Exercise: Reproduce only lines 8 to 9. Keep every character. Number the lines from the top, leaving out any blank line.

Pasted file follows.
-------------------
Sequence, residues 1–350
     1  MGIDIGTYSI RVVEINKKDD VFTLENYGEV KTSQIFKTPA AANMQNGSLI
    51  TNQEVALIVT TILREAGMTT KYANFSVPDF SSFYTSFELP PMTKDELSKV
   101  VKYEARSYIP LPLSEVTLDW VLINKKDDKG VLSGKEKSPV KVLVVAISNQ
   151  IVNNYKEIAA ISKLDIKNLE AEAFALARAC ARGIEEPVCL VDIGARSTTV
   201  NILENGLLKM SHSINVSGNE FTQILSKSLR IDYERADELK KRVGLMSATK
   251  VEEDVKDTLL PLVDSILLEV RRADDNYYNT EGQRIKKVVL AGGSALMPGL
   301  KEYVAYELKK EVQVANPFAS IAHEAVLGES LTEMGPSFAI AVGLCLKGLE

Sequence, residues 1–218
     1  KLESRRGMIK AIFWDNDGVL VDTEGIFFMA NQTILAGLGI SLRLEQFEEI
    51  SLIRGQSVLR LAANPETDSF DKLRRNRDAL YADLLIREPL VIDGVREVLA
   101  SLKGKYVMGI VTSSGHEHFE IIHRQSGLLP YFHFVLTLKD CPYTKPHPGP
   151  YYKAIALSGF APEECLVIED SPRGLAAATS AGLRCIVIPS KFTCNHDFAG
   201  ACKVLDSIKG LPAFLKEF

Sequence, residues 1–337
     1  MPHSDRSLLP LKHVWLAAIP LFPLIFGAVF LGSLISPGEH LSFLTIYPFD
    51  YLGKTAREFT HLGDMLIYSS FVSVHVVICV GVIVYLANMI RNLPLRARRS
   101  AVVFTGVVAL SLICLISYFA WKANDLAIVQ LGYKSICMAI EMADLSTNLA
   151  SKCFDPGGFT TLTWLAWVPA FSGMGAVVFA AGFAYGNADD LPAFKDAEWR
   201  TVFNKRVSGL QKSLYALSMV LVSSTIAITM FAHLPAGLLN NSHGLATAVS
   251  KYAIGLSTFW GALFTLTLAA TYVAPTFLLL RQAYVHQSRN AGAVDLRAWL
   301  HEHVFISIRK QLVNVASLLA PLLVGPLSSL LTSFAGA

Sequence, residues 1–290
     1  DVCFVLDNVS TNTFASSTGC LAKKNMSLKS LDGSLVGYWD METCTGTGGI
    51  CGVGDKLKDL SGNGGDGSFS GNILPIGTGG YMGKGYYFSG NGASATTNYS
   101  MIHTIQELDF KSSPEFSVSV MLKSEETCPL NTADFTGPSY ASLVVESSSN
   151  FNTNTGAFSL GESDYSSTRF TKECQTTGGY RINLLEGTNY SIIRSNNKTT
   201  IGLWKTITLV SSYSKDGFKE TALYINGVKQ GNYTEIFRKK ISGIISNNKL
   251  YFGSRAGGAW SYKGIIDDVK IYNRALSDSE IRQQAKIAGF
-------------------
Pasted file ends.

   301  KEYVAYELKK EVQVANPFAS IAHEAVLGES LTEMGPSFAI AVGLCLKGLE

Sequence, residues 1–218